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Carolee M. Cutler Peck, Raluca Rusovici, Sandeep Grover, K V. Chalam; Evaluation Of Cytotoxicity Of Bevacizumab On VEGF-enriched Corneal Endothelial Cells. Invest. Ophthalmol. Vis. Sci. 2012;53(14):6002.
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To evaluate the cytotoxicity of varying doses of Bevacizumab on corneal endothelial cells in the presence of a range of concentrations of vascular endothelial growth factor (VEGF). Bevacizumab, a drug that neutralizes all isoforms of VEGF, is commonly used as an intracameral agent for the treatment of neovascularization of the iris and the angle. However, the safety of intracameral administration of bevacizumab and dose-dependent toxicity on corneal endothelial cells has not been established.
Bovine corneal endothelial (BCE) cells were treated with VEGF (50 ng/ml) and/or bevacizumab (0.1-2 mg/ml) for 72h. Cytotoxicity in response to bevacizumab was evaluated by trypan blue exclusion, as well as Annexin V / Propidium Iodide (PI) staining. Cell proliferation was measured with the WST-1 assay. Morphological changes were recorded by brightfield microscopy of cells.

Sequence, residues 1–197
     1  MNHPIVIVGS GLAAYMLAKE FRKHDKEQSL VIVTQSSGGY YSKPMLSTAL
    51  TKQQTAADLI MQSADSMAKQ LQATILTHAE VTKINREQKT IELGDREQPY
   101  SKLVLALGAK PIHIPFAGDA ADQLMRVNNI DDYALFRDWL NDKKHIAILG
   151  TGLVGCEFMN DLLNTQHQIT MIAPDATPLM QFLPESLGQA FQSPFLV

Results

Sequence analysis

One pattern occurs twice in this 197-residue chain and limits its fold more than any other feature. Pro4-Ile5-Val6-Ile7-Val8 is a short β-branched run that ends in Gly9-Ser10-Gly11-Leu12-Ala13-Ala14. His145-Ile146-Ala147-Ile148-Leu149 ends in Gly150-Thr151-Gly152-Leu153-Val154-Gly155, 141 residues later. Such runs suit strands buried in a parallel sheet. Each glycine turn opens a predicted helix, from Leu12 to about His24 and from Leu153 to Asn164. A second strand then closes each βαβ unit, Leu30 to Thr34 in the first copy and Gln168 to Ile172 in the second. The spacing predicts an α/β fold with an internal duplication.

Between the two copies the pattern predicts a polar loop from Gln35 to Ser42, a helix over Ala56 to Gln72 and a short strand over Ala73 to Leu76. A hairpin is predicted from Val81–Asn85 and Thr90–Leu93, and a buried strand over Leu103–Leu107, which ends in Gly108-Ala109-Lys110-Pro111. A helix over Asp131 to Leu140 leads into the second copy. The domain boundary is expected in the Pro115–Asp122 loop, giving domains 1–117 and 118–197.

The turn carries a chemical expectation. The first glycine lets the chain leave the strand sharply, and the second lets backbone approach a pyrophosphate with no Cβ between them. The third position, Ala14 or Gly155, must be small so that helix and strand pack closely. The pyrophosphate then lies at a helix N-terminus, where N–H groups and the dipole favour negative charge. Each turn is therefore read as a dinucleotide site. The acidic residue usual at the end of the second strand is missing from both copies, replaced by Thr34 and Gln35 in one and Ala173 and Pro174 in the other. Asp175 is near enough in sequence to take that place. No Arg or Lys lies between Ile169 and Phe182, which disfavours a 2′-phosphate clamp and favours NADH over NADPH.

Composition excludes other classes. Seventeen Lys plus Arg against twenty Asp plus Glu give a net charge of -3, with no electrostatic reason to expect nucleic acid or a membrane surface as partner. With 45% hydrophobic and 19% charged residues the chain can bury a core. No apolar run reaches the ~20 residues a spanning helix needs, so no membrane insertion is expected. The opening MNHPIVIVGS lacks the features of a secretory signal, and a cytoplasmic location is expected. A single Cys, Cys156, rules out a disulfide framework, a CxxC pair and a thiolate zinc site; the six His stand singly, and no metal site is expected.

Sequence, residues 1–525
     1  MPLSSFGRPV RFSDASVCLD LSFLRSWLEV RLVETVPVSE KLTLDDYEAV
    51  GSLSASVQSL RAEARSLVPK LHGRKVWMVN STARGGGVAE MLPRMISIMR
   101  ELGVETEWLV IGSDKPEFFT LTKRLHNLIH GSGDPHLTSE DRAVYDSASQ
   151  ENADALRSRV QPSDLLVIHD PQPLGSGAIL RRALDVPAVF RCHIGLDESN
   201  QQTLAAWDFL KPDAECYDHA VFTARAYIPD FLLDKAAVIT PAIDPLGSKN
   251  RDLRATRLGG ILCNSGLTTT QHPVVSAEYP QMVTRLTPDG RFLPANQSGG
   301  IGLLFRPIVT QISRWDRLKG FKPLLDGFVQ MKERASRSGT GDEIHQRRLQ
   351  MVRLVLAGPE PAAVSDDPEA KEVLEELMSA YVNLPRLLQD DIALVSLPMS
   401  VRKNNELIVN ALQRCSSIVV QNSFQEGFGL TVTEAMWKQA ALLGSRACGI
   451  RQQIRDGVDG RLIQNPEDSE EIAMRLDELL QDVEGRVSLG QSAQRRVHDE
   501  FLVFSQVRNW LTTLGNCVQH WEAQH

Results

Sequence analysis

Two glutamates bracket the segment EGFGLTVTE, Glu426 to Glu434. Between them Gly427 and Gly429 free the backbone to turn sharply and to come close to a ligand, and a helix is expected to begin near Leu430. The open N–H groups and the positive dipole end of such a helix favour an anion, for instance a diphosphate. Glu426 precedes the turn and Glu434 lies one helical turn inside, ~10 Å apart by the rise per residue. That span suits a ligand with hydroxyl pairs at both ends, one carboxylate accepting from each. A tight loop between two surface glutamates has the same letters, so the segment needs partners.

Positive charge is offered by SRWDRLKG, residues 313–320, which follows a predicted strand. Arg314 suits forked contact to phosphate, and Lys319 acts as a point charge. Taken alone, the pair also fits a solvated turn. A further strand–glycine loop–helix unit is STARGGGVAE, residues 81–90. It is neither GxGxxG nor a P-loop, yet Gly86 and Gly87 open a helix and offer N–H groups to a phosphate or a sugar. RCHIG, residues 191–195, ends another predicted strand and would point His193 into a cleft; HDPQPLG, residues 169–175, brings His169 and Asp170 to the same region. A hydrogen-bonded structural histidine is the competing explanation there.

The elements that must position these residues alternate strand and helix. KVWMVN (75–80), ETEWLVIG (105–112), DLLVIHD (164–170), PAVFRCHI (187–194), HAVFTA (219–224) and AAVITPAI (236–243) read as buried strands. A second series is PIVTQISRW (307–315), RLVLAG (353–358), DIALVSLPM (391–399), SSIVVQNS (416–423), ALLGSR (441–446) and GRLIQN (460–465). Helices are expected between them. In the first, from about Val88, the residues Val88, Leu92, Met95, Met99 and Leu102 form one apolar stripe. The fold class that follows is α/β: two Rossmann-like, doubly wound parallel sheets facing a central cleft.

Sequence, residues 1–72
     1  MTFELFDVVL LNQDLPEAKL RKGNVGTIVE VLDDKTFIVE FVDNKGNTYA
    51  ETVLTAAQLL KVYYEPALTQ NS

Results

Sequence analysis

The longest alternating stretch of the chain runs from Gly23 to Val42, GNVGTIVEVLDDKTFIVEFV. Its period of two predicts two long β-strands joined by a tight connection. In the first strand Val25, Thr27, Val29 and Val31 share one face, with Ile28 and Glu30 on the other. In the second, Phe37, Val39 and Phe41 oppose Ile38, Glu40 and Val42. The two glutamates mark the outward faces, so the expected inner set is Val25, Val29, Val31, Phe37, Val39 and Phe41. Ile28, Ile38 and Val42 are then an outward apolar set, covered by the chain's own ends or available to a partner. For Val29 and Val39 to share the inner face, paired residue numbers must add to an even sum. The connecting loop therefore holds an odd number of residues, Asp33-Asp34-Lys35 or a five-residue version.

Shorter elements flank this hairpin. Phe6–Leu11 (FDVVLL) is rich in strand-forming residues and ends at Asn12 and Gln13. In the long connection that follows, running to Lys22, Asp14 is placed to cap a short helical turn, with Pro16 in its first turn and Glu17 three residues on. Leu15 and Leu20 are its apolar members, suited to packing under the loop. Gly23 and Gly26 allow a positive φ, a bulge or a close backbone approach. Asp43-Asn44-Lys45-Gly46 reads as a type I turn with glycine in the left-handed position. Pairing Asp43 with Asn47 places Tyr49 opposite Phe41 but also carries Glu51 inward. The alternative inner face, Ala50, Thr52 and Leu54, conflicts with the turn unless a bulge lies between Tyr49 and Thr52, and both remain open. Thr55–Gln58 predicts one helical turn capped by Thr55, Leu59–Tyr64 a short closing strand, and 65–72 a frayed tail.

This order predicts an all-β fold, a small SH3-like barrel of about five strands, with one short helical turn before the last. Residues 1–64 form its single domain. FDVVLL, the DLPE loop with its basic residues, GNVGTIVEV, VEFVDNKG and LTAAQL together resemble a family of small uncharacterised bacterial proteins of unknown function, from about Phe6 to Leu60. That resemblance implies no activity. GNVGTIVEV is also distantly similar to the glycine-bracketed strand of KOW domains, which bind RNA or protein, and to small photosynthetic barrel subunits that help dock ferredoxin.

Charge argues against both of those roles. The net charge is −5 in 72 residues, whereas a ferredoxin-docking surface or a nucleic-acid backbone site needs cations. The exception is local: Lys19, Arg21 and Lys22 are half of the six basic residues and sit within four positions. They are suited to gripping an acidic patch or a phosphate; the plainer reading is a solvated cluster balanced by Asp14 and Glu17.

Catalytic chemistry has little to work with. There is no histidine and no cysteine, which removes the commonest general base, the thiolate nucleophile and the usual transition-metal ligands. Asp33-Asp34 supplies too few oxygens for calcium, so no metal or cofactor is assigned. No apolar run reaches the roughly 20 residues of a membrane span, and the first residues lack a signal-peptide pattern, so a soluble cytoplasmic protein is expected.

Bevacizumab was not cytotoxic at the concentrations tested and the percentage of bevacizumab-treated cells staining positively for both PI and Annexin V was less than 1%. The anti-proliferative effects of bevacizumab on BCE cells were dose-dependent; a dose of 1.5 mg/ml or 2 mg/ml produced a 33% (P=0.005) or 47% (P=0.001) decrease in cell proliferation compared to controls. Similar results were obtained in cells treated with a combination of bevacizumab and VEGF. VEGF (50 ng/ml) had no significant effect on cell proliferation compared to controls. Morphology of cells was unchanged after treatment with bevacizumab and/or VEGF compared to controls.
Bevacizumab was safe and not toxic to BCE cells at concentrations commonly used in clinical practice as intracameral agent.
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